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Metabolic and Ventilatory Changes During and After High-Frequency Yoga Breathing

Shirley Telles, Nilkamal Singh, Acharya Balkrishna

(Department of Yoga Research, Patanjali Research Foundation, Haridwar, India)

Med Sci Monit Basic Res 2015; 21:161-171

DOI: 10.12659/MSMBR.894945

BACKGROUND: Practicing high-frequency yoga breathing (HFYB) induced a hypermetabolic state in a single subject during the practice but the effect has not been studied in multiple practitioners.
MATERIAL AND METHODS: Healthy male volunteers (n=47, group mean age ±S.D., 23.2±4.1 years) were recruited as an experimental group and another twenty volunteers were recruited as a control group. The experimental group practiced either HFYB (Breath rate 1.0 Hz) or breath awareness (BAW) on two separate days. The sequence was reversed for alternate participants. The control group was assessed under similar conditions while sitting at ease. The breath rate (RR), tidal volume (VT), ventilation (VE), VO2, VCO2, arterial PCO2 and energy expenditure (EE Kcal/day) were assessed for 35 minutes using an open circuit oxygen consumption analyzer. The assessment period was divided into before, during and after conditions. Repeated measures analyses of variance (ANOVA) were used to compare data recorded during and after the two practices with data recorded before. Before-After comparisons in the control group were with paired t-tests.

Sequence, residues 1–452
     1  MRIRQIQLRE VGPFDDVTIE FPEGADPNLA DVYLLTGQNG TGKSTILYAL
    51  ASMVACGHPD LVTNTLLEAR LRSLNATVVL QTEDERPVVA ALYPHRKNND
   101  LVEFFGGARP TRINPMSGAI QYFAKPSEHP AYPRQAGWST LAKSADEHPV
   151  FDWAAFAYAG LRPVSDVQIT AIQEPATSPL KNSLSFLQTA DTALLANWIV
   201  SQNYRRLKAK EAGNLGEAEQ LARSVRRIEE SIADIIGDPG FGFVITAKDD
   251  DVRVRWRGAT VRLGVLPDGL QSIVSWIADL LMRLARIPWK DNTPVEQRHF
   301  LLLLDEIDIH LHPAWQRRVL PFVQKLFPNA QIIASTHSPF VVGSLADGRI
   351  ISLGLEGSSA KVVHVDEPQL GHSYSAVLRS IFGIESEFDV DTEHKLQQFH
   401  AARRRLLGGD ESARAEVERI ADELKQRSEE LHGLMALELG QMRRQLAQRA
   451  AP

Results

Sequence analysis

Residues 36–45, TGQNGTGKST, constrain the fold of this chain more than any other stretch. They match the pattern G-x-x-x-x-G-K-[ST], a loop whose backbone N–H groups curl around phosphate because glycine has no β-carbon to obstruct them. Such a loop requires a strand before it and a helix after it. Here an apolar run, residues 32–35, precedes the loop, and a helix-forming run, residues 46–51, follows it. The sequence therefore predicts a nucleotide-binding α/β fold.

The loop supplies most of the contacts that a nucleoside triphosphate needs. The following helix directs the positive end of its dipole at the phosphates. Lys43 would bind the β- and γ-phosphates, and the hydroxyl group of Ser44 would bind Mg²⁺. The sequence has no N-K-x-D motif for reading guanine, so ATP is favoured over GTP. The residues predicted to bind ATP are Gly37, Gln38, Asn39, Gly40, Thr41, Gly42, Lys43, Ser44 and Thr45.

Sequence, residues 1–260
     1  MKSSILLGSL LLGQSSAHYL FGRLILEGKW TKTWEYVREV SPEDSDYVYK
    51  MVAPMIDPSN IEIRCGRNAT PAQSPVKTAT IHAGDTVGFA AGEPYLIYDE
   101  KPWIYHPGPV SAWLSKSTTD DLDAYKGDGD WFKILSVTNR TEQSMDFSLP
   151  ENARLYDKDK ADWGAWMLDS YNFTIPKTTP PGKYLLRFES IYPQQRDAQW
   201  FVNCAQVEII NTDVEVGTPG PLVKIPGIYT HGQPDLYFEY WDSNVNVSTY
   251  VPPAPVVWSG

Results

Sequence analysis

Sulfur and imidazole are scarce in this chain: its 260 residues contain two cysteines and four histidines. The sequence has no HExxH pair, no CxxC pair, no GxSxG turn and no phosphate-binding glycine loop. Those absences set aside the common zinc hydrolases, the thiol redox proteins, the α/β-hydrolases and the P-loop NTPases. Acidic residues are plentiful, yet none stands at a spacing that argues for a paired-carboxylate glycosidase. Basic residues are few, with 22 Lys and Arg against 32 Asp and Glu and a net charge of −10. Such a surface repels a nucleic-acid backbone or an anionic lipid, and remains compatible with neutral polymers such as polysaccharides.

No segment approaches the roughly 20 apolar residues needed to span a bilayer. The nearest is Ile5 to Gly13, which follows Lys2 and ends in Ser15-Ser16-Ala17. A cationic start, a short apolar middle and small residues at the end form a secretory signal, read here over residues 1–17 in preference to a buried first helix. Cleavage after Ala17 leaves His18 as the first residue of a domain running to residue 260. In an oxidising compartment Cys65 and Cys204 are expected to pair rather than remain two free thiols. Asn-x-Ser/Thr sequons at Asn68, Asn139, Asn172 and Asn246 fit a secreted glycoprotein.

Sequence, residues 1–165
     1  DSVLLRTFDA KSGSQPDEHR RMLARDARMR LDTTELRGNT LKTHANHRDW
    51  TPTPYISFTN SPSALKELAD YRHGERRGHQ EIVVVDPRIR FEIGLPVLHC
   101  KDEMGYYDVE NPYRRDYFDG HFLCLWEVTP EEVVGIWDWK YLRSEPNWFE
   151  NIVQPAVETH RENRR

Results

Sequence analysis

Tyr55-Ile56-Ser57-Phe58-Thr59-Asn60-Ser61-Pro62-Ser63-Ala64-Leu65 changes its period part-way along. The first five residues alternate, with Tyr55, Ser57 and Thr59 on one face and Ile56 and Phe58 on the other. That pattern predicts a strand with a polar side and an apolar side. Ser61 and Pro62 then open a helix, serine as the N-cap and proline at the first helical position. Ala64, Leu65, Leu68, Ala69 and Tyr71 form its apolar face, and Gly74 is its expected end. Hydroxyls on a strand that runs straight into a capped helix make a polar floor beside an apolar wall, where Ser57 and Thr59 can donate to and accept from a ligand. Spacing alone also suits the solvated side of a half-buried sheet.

RESULTS: The most relevant significant changes were increases in VE, VO2, VCO2 and EE during HFYB, while the same variables decreased during the control period. However after HFYB there was no change in VO2 or EE, although VE decreased as it did after the control period.
CONCLUSIONS: HFYB induces a hypermetabolic state for the duration of the practice which returns to baseline after HFYB suggesting a possible application for HFYB in hypometabolic states.

Keywords: Energy Metabolism - physiology, Case-Control Studies, Adult, Metabolism - physiology, Oxygen Consumption - physiology, Pulmonary Ventilation - physiology, Respiratory Function Tests, Respiratory Mechanics - physiology, Yoga, young adult

This paper has been published under Creative Common Attribution-NonCommercial-NoDerivatives 4.0 International (CC BY-NC-ND 4.0) allowing to download articles and share them with others as long as they credit the authors and the publisher, but without permission to change them in any way or use them commercially.
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